A lecturers' union has called for an immediate halt to the research assessment exercise because of "inherent discrimination", writes Harriet Swain.
The call, from the Association of University Teachers, follows last week's tribunal ruling in favour of Helen Mercer, who was denied a job at the London School of Economics because another candidate was considered to have more rae potential.
The AUT wants all rules and procedures governing the rae at national and institutional level to be subjected to a "rigorous equal opportunities audit", overseen by the Equal Opportunities Commission.
David Triesman, AUT general secretary, said the tribunal's ruling would open the floodgates to hundreds of other similar cases.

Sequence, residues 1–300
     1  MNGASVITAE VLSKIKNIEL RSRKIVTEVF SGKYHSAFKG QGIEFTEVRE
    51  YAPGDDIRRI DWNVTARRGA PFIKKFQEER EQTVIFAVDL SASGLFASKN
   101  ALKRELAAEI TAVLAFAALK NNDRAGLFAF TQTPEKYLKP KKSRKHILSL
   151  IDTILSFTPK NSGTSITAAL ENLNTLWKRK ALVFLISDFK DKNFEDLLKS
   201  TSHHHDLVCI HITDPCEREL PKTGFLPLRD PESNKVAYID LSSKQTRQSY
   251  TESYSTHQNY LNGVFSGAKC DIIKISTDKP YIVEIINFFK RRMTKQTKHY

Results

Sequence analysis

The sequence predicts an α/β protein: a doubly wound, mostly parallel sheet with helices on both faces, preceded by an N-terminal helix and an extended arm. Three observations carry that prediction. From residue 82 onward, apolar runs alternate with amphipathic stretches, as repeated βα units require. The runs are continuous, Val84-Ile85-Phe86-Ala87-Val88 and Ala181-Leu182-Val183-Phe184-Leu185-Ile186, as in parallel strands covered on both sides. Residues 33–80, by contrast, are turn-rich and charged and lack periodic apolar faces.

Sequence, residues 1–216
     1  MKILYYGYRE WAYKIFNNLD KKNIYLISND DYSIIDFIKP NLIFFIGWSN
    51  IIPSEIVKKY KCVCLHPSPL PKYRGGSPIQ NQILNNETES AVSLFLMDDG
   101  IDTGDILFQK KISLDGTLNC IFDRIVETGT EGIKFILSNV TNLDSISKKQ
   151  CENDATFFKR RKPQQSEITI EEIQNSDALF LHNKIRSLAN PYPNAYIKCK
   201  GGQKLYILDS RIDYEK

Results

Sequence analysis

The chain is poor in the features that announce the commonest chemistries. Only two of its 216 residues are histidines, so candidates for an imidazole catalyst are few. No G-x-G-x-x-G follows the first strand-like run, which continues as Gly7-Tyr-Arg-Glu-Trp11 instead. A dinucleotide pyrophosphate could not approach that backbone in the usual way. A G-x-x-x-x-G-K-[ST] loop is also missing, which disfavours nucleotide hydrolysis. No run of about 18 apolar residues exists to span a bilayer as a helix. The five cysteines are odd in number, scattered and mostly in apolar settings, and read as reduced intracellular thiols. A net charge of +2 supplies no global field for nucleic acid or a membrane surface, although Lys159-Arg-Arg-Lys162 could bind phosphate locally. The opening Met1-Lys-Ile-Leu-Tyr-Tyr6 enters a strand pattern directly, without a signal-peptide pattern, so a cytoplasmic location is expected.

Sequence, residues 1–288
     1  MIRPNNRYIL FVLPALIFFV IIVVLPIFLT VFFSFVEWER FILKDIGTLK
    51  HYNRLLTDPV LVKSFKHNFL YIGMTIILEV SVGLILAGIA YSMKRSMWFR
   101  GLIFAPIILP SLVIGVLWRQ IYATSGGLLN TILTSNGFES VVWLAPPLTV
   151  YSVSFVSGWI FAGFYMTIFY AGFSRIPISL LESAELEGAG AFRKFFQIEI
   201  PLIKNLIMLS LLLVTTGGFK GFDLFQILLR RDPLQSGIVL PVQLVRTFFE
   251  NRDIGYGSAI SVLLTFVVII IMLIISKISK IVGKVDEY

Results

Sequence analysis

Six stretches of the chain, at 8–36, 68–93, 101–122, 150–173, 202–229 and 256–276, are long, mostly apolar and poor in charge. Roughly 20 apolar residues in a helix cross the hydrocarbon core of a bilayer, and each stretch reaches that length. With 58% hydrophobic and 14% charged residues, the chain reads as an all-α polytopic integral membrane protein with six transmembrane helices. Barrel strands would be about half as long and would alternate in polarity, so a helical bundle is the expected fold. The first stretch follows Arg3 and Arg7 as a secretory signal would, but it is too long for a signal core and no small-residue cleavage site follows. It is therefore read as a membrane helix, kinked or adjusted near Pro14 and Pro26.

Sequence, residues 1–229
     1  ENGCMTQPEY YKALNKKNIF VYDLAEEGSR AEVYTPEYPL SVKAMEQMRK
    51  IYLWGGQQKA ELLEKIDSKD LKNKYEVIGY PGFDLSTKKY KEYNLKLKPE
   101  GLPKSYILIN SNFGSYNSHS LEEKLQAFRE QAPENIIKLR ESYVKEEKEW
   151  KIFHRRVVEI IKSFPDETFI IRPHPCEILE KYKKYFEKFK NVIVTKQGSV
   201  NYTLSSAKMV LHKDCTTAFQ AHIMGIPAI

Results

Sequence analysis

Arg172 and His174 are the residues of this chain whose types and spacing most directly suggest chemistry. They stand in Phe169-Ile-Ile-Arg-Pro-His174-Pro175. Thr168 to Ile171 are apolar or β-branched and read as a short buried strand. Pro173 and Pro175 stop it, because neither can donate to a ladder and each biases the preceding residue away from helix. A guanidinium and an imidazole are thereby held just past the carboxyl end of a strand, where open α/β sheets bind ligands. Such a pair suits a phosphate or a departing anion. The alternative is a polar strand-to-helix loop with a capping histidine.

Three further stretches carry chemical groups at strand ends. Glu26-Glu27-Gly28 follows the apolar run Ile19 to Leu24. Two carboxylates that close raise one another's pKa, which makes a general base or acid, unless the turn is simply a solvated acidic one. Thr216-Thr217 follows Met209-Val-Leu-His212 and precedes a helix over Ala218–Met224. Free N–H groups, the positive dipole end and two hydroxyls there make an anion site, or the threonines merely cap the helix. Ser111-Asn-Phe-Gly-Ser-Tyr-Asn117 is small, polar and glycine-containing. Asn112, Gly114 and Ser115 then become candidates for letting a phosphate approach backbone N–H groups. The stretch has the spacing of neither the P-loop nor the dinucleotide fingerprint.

"The next rae should take place only when the inherent discrimination in the system is rooted out," he said. "To proceed with it in its current form, ignoring the warnings of the Mercer case, would be grossly irresponsible and potentially extremely expensive."
The union argues that women who take maternity leave may be excluded from the exercise because of the effect on their research output.
A spokesman for the Higher Education Funding Council for England said the regulations for the 2001 rae made it explicit that "the situation of staff who have taken maternity leave or other career breaksI will be taken into account".
Letters, page 15